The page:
100% Renewable Energy: Fact or Fantasy?

Date: 28 Aug 2015 | posted in: Energy, Energy Self Reliant States | 0 Facebooktwitterredditmail

What would it take to power the entire U.S. economy on renewable resources alone? Three big things: Only build wind, solar, or hydro power plants after 2020 Reduce energy use compared to business as usual by 40% Electrify everything It’s … Read More

Watch: A Clean Contract / Feed-In Tariff 101

Date: 15 Jan 2013 | posted in: Energy, Energy Self Reliant States | 0 Facebooktwitterredditmail

A 5-minute video explaining CLEAN Contracts (a.k.a. feed-in tariffs) in simple terms.  It’d be great if it used a name for the policy that’s in common circulation, but since I was guilty of using Renewable Energy Payments, too, I shouldn’t … Read More

New Small Hydro Could Add Significantly to State Renewable Power

Date: 15 Aug 2011 | posted in: Energy, Energy Self Reliant States | 0 Facebooktwitterredditmail

Over at Climate Progress, Stephen Lacey recently asked why there isn’t more development of micro hydro in the U.S., given its potential to provide more than 30,000 low-cost megawatts of power to U.S. states (and bipartisan political support).

We can’t answer that question any better than Stephen, but we can provide a good illustration of that potential, replicating a map from our 2010 report Energy Self-Reliant States (click here for a larger version):

New Micro Hydro Power Potential (Percent of State Electricity Sales)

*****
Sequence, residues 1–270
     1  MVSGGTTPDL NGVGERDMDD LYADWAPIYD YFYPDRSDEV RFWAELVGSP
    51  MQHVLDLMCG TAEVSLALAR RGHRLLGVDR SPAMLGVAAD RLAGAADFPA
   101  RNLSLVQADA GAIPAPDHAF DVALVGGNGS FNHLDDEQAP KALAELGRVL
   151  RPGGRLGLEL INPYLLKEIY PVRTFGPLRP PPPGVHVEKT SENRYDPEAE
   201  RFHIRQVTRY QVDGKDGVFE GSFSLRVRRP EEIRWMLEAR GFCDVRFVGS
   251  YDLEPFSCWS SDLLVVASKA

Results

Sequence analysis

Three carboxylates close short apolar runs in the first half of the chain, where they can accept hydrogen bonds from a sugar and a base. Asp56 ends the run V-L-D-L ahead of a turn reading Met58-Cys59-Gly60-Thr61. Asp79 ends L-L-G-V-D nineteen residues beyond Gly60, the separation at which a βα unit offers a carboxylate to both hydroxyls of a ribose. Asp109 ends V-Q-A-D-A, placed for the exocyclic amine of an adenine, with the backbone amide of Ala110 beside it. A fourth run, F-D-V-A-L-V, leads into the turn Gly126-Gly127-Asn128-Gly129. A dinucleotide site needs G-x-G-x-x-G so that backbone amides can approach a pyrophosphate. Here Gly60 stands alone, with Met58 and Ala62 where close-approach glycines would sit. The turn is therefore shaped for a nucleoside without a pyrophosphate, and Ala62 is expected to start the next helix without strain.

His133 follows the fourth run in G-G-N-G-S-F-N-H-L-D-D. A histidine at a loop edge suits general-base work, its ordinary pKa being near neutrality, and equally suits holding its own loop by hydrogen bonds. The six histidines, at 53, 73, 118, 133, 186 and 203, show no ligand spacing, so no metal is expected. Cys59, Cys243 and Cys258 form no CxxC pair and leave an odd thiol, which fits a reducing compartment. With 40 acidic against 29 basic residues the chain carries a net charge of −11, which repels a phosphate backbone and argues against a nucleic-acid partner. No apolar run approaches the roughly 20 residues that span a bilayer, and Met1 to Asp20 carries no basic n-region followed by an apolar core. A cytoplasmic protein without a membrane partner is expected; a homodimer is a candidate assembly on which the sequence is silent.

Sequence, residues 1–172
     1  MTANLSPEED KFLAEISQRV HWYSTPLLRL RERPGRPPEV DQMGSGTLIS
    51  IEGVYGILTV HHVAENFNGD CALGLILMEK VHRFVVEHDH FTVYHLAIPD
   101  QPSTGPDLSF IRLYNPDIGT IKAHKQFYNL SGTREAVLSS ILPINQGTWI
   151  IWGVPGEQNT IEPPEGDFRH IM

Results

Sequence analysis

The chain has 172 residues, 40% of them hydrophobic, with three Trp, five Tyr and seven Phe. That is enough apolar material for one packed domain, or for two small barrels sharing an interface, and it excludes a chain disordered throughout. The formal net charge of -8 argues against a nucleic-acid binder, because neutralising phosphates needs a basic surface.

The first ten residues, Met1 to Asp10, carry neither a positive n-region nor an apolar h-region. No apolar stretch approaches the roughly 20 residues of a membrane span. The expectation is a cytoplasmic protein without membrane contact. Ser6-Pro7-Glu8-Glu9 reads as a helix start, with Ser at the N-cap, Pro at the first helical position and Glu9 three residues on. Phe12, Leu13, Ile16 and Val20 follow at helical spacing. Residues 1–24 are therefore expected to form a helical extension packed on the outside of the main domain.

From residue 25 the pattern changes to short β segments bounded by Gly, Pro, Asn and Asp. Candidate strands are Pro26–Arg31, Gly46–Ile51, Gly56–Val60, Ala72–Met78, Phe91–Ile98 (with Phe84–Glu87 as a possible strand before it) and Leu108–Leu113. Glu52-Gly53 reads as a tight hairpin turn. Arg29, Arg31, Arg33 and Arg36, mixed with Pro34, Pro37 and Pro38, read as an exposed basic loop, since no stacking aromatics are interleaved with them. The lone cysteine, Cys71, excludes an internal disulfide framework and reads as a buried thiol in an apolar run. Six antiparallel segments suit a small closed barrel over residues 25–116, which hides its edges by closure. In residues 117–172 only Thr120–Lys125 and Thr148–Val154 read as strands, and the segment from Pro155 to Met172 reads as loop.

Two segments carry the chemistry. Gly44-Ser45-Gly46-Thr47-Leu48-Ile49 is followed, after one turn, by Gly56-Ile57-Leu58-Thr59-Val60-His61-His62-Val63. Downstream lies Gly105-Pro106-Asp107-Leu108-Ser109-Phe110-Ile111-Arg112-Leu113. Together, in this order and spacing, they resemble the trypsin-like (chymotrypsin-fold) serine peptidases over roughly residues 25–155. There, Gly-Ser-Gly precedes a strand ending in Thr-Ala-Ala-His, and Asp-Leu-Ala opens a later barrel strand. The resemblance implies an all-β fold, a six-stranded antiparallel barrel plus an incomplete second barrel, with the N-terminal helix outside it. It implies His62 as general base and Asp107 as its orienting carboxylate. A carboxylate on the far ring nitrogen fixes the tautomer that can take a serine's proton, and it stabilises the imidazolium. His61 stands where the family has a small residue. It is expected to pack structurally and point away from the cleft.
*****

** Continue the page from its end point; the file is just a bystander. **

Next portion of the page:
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Pumped Hydro Storage Still Cheaper Than Batteries

Date: 19 Oct 2010 | posted in: Energy, Energy Self Reliant States | 0 Facebooktwitterredditmail

A nice, short comparison of the cost of electricity storage with pumped hydropower and batteries.

Using pumped hydro to store electricity costs less than $100 per kilowatt-hour and is highly efficient, Chu told his energy advisory board during a recent meeting. By contrast, he said, using sodium ion flow batteries — another option for storing large amounts of power — would cost $400 per kWh and have less than 1 percent of pumped hydro’s capacity.

Of course, you need to have a river with a likely reservoir location to have any significant quantity of pumped storage, making the article’s reference to Texas a bit ironic.

For those unfamiliar with the concept, here’s a nice diagram of pumped storage from Consumers Energy:

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